Interconnected supply chains, interconnected technology solutions

15 February 2024 | 15 Shares

Source: Zebra Technologies

Multiple outside factors affect any company with significant investment in their supply chain and logistics operations, even before internal practices are considered. Extra red tape at Britain’s borders, continuing US port congestion and trade disruptions in the Red Sea are testament to that. A supply chain comprises many actors, so it’s almost impossible to shield the effects of even a small disruption from an individual business.

Supply chain

Source: Zebra Technologies

Supply chain, warehousing, distribution, and logistics functions, therefore, tend to be run by long-term planners. By proactively monitoring and improving aspects of operations within their control, the company buys itself as much protection as it can against local or world events that could occur tomorrow, or many years in the future.

There are multiple ways in which problems closer to home can be addressed and methods combating them attenuated. Staff ‘turnover’ in warehouses, distribution depots, and logistics, for example, brings their own considerable costs, exacerbated by chronic labor shortages in the sector. Employee well-being and job satisfaction – the employee experience (EX) – are high on the list of desired outcomes among decision-makers, as are worker productivity and automation. In some cases, EX, productivity, and robotized processes are interconnected; staff with dull, repetitive jobs can be re-tasked to more interesting and fulfilling roles once even basic technology and automated systems are in place.

Better operational practices not only reduce costs in the mid to long term but also help ensure that the company itself causes a minimum of supply chain disruption both up and downstream. This, in turn, lowers prices on the table from supply chain partners and creates greater trust among third parties with whom the company works.

Supply chain

Source: Zebra Technologies

Those with significant resources set the bar high for others to follow. The practices of Amazon, Temu, and state-owned GEODIS, for example, have been able to instigate top-down approaches to operational overhauls, with some becoming household name brands by dint of their efforts. Yet there is no direct correlation between the resources plowed into restructuring operations and 100 percent positive outcomes. Discrete projects can bring the types of resilience and efficiency to more modest transport, logistics, and distribution companies that create significant cost reductions. That’s partly down to the knock-on positive effects that flow from relatively minor changes.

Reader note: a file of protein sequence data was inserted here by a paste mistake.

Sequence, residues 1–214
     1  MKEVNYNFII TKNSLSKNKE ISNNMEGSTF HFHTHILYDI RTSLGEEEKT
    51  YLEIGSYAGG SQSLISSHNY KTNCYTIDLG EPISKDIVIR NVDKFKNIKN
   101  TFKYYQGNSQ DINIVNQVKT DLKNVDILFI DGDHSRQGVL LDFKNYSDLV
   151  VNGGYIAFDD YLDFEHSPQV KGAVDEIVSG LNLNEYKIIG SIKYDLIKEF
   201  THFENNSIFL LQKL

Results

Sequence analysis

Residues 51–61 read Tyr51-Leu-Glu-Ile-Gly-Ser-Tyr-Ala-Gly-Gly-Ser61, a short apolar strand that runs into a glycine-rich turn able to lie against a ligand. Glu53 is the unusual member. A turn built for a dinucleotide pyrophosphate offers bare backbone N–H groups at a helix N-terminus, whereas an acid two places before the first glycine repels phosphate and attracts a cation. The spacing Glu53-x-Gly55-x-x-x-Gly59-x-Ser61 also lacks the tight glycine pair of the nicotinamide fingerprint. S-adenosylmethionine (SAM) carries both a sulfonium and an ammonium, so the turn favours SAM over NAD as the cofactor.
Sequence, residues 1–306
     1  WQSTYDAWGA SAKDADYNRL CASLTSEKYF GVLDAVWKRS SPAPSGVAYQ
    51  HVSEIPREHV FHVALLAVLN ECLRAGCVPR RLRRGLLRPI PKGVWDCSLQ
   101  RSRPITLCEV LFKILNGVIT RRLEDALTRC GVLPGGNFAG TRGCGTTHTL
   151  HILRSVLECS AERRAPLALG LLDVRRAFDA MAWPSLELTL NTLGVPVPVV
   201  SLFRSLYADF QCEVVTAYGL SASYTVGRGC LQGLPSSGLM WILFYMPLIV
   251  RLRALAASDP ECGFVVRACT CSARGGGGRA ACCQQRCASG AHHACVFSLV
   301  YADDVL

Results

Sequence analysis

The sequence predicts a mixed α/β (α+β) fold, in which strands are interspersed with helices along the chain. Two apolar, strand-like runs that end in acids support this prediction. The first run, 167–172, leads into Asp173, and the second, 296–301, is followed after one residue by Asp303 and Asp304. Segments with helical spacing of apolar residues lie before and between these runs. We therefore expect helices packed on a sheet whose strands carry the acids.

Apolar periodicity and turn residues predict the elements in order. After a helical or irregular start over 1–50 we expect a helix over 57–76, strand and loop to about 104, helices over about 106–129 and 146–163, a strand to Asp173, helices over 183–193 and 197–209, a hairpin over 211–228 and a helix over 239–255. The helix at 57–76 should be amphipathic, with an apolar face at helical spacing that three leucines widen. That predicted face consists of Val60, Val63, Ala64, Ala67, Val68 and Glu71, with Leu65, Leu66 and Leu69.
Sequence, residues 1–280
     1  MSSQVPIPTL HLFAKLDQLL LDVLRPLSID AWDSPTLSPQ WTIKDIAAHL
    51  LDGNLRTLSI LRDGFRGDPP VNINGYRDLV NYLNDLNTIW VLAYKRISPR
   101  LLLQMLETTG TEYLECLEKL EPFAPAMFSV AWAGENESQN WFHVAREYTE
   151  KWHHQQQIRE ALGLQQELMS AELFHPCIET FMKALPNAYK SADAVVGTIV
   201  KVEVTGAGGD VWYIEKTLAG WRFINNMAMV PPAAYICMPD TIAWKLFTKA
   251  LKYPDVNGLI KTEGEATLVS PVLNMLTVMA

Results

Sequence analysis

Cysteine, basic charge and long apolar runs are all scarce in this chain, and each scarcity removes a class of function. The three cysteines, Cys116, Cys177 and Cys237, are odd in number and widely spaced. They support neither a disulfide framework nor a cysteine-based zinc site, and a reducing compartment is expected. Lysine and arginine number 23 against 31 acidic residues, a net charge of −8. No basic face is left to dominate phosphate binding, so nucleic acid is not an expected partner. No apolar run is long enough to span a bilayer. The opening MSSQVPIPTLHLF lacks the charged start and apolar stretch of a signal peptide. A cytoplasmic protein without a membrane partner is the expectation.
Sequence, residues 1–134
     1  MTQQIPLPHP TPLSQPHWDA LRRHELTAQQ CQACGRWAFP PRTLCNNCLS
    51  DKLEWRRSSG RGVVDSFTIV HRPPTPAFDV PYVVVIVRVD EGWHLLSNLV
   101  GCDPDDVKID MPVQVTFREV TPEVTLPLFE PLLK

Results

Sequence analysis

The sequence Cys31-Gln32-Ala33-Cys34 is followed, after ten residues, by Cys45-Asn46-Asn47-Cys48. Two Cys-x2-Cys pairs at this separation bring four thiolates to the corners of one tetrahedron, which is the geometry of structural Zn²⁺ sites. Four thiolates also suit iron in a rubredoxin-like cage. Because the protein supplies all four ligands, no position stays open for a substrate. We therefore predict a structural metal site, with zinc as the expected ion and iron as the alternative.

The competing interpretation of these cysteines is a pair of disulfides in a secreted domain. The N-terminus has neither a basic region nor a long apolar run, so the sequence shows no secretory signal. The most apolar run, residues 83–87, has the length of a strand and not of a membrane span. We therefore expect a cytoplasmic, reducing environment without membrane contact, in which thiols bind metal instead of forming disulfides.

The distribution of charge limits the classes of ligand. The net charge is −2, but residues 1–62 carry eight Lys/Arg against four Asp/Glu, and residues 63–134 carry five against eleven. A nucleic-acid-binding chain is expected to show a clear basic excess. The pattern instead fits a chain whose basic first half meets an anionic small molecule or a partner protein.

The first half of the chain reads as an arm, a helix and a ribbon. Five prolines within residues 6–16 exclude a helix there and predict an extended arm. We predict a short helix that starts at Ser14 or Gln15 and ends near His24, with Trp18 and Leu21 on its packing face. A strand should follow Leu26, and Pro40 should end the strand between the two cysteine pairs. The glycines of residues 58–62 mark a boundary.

Light at the tunnel’s end

Founded in 1981, UK retailer The Works decided to give autonomy to its individual shops and online store, supplying employees with the technology to monitor and run their own stock control processes. Data gathered fed back to automated systems in the company’s supply chain, slashing surpluses and ensuring stock availability, where and when it was needed.

Simple-to-use devices with familiar user interfaces ensured employee buy-in and the complexity of the data collated country-wide was handled by automated software. This instigated more efficient logistics and distribution, plus informed warehouse operations, creating cost savings and increased customer satisfaction at the point of service.

The data ingestion and business-led optimization of operations are particularly effective in supply chains, where the consequences of even small changes tend to ripple out into other parts of the business. That’s led larger organizations to invest in expensive re-architecting of enterprise-level ERP systems.

Supply chain

Source: Zebra Technologies

But specialist software designed and deployed solely in supply chain, T&L, distribution, and warehousing businesses have particularly attractive offerings. From users equipped with environmentally-tuned devices* to controlling software and analytics, industry-specific vendors are in an excellent position to help customers refine their operations across the board.

* (Cold room-suitable tablets, forklift-mounted tech, long-distance barcode scanners, etc.)

While no single solution is a sure fit for every organization, a sector specialist will already have many of the answers to problems that are sadly not unique to any one business. With the addition of consultation, advice, partnership, and long-term device and software support, companies with significant supply chains have much to gain from sector-specific vendors.


Many of the issues this article touches on are further explored in the Zebra Warehousing Vision Study, which examines many of the pain points of operations in the sector and suggests solutions for automation and technology deployment that make business sense.

Any transformational journey takes time and study to achieve, but some systems are particular to this complex vertical. Getting guidance as part of a longer-term partnership is also highly recommended. What might seem an intractable problem in your organization’s operations may well have, if not immediate solutions, but a range of options. Sometimes, it takes a specialist to bring them to the surface.

To refine your operational strategies to help develop immunity from the effects of global supply chain issues, improve EX, and cut operating costs in some surprising areas, read the Vision Study via this link.

To talk to an expert in the industry about how technology, hardware, and automation can help your business scale, reach out to a representative.